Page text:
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Devastation in the Carribean

by themeslice | January 21, 2010 | Newsletters 0 Comments

Haiti Earthquake Results in Mass Destruction and Loss of Life

Once again, Mother Nature has brought the world to a standstill. On January 12, 2010, a 7.0 magnitude earthquake ripped through Haiti. This tiny Caribbean nation is home to an estimated nine million people. About 80% of them live beneath the poverty level with 54% of them living in abject poverty. What has truly caught the attention of the world is not the force of the earthquake but the deadly aftermath which has already reached an estimated death toll of 200,000.

Financial Times

Financial Times

Relief and financial aid is pouring in from all directions with many major Western nations, including the United States, donating funds as well as providing humanitarian efforts. One of the major obstacles being faced by relief workers is the sheer number of dead bodies that need to be recovered from the rubble. Most of the city lies in desolation with the damaged infrastructure making it extremely difficult for relief work to be carried out.

Charles Dharapak - AP

Charles Dharapak - AP

According to The Washington Post, the grim process of counting the dead has been complicated by the breakdown of government institutions, including the collapse of hospitals and morgues. Many people are still buried under collapsed homes, hotels and government buildings, making a final count premature. The large amount of collapsed buildings is said to have been caused by a failure to comply with architectural safety standards.

In response to this tragedy, Ted Presley, founder of ELI 360 believes that this disaster is a timely “call for global leaders with a sense of ethics to rise up.” What has occurred in Haiti should serve as a reminder for all nations around the world that much of the loss of human lives in Haiti could have been prevented. When all people in all segments of societies comply with approved standards, guidelines and laws, the world becomes safer for everyone. Furthermore, when all people enjoy a decent standard of living, the temptation to “cut corners” is decreased. A similar earthquake of 6.9 magnitude hit the state of California in the U.S. with only 63 casualties. (http://en.wikipedia.org/wiki/1989_Loma_Prieta_earthquake)  In view of this, the fight against global poverty is one that needs to be urgently taken up by global leaders who understand this as an ethical and humanitarian responsibility.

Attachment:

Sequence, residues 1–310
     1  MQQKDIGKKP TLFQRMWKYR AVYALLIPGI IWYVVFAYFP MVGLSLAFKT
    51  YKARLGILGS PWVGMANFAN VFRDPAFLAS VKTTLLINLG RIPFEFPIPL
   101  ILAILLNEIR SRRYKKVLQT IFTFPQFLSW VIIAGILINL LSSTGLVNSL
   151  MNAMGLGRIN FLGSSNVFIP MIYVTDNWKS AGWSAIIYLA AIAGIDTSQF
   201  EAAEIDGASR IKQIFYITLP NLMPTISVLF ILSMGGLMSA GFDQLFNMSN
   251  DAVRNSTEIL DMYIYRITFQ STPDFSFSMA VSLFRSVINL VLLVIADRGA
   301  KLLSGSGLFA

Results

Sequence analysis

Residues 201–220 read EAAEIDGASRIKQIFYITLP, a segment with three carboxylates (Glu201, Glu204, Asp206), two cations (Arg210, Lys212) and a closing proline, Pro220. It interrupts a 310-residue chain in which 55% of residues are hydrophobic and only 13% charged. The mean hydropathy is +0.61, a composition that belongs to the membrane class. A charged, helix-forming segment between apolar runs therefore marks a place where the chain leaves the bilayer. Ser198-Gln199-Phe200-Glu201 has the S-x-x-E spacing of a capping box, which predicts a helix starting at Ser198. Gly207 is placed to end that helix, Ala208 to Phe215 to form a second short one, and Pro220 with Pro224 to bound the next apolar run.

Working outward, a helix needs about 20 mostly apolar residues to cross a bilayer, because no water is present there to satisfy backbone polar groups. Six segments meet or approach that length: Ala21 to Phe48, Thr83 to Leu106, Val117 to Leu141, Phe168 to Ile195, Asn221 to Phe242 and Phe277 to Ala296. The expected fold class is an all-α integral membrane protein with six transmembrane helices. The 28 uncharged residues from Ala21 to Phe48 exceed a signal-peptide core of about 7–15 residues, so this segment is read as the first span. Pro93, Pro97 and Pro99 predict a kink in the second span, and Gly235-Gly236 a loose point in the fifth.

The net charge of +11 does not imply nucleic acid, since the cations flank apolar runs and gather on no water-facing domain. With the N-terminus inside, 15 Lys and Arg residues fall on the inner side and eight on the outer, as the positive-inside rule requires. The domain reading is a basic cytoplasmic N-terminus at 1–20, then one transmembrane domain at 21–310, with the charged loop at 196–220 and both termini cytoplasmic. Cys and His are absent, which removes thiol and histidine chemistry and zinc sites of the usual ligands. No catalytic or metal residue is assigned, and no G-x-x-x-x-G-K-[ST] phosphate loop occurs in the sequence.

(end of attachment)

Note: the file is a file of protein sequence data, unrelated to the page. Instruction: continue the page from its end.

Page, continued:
“This tragedy also serves to highlight the importance of education as the answer to increasing the wellbeing of a culture and a nation,” said Erik Presley, President of Eli360. He believes that what Haiti needs lies beyond the rebuilding of the nation’s infrastructure. What she needs is “an opportunity to develop the mental and intellectual capacity of her people.” Unfortunately, the current illiteracy rate of the Haitian population is around 45% as compared to the US illiteracy rate of 1%.

In the press release, the founders of ELI 360 expressed their deepest condolences to those who have lost their loved ones in this tragedy. The President urges “all individuals associated with our company to offer support to the Haitian relief efforts in whatever means possible – especially in financial support, and much prayer.” ELI 360 has elected to contribute to a non-profit called Leadership International.

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